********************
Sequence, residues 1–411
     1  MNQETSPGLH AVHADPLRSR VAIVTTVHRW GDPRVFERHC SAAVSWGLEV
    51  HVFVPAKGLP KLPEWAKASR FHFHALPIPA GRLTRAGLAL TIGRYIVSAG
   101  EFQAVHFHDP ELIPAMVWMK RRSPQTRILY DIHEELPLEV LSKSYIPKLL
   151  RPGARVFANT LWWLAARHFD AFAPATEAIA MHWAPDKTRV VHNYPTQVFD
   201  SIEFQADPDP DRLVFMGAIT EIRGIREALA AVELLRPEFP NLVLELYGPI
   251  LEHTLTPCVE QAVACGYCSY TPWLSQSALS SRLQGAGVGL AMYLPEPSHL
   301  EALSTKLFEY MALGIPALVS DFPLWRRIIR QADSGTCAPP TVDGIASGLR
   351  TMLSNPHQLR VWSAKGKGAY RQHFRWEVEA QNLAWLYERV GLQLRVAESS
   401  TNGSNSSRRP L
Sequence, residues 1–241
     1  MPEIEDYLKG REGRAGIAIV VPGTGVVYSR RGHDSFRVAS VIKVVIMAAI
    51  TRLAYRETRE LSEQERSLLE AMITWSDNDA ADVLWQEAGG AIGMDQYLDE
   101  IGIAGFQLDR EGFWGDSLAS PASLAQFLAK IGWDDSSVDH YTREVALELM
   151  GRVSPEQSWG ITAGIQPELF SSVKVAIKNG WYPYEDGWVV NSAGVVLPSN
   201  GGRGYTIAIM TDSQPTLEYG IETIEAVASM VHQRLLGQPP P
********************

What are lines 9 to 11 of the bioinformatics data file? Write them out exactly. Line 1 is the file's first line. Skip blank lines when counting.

   351  TMLSNPHQLR VWSAKGKGAY RQHFRWEVEA QNLAWLYERV GLQLRVAESS
   401  TNGSNSSRRP L
Sequence, residues 1–241